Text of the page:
They'll Never Invite Me To A Party Again
I think it's time I confessed: I'm an Indian girl who doesn't get along with other other Indian girls.
Okay, that should be qualified. I happen to like and love a very select group of Indian girls, the ones I grew up with. To a certain extent, I'm still the oddball of the group--not just for leaving Northern California for so long, but because it was inevitable that I would be the expatriat, always feeling like a little bit of an outsider. I'm a compulsive writer, and all compulsive writers become expatriates, to a certain extent. We have to step outside to look in.
But however much I'm out of touch with these girls, I don't really question their loyalty. They're not catty or competitive. There's not a mean bone among them. I've never experienced such loyalty, such solidarity in the face of the worst life deals out: death, heartbreak, scandal. I really don't care if we don't listen to the same music (although their allegiance to J.Lo is really getting out of hand) these girls, along with a few select boys, are family.
So those Indian girls, naturally, don't count. But outside of them, I can honestly say, I don't really seem to get along with Indian girls as a awhole. I get thrown out of their parties or snubbed at the door or accused of flirting with their boyfriends. And admittedly, I am the one who shows up with six people or bottles of cheap vodka, but I am NOT flirting with their boyfriends, who tend to be preppie investment banker types with a permanent leer in their eyes. Around most Indian girls, I always end up feeling that I'm talking too loudly, laughing too much, viewed as an ungainly combination of tomboy and slut. I have felt like this at Indian social mixers and bhangra clubs and weddings and Wall Street networking events, a sense of slow unease as I realize that, except for the person who brought me here, I would once again be standing the corner, leaning on a while and trying to look cool while no one talks to me. Or, alternatively three or four suave types circling like sharks, asking me what caste I am. Smooth, fellas, real smooth.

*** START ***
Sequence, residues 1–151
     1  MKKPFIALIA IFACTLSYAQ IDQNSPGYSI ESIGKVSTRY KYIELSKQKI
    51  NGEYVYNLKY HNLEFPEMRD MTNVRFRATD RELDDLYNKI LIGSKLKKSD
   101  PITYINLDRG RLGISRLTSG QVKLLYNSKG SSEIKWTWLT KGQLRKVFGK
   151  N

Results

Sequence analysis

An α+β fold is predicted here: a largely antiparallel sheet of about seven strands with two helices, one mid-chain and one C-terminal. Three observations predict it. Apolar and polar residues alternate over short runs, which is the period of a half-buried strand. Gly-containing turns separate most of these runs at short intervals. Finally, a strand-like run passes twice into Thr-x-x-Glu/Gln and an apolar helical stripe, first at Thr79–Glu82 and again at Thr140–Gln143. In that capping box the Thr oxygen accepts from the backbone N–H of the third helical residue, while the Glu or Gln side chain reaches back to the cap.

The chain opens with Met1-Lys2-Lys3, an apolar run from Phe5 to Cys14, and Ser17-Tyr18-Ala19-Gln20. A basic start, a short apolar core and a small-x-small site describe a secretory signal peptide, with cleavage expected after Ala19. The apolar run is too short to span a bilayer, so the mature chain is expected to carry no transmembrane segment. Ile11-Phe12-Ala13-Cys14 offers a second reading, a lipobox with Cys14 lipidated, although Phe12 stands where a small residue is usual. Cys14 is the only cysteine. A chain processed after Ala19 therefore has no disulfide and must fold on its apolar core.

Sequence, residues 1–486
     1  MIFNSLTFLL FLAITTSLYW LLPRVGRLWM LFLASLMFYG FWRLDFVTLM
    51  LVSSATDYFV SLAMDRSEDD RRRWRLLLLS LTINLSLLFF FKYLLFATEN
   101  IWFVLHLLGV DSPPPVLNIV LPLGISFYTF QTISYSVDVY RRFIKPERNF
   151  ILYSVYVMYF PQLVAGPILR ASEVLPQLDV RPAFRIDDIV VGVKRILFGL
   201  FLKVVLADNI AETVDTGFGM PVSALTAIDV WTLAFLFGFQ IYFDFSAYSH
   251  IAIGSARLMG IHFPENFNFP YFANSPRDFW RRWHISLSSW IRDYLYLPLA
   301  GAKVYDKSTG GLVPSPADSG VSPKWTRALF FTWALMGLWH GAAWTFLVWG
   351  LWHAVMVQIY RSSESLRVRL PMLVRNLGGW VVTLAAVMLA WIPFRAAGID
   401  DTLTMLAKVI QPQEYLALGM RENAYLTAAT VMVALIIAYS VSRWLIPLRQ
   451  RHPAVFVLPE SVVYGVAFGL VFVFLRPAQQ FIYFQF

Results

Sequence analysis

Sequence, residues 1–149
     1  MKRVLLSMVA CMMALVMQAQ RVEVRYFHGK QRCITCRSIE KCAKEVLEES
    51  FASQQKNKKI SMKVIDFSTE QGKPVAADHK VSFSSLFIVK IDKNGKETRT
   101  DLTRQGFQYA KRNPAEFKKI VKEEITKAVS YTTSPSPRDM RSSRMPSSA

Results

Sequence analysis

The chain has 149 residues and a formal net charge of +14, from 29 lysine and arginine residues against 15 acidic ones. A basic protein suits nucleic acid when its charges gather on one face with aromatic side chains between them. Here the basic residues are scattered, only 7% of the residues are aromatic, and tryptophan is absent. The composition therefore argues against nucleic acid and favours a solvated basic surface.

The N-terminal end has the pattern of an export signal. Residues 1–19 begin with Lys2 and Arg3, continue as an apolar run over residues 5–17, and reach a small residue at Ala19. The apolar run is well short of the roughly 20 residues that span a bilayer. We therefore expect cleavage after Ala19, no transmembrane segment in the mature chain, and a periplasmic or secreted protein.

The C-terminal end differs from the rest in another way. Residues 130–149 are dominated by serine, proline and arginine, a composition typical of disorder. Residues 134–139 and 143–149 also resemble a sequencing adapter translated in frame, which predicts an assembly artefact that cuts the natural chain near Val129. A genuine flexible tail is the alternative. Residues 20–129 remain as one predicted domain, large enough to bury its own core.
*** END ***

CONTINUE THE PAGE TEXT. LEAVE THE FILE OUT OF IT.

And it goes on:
Because, I can say without a doubt, that Indian girls are exclusionary. Even my girls, God bless them, can't always be counted on to make an effort to a newcomer (explaining inside jokes, asking questions, including in conversation), but at least I can count on seeing new faces and no judgments. In other areas, I've gotten the cold shoulder and the murderous stare, and everything in between. And while they all brag about how much they like sex, they seem to have colossally bad taste in men, and while they claim to party all the time, the buzz seems to begin and end with a few beers. Nobody walks the walk, but they sure can talk.
The Indian girls I have liked and known, I have usually met individually, not in packs. There was V. who I lived with, with the 30's pencil thin eyebrows and 0% body fat, her friend T. jolly, openly, happily slutty. Both dated only black men. N. who I met recently, is the first in a long time to radiate smartness without snobbery, something that always leaves me cold. Another thing I like: experience. An Indian girl with a taste for adventure experiences as much as she can, something an acting teacher told me, in a private meeting. She could tell that I had lived my life in a bubble. It's been thirteen years, and I've done everything I can to step out of the bubble, to experience the good and bad things life offers to an Indian girl. I'm not interested in meeting people with too many rules and hypocrisies, whether they're Indian girls or not. But they usually are.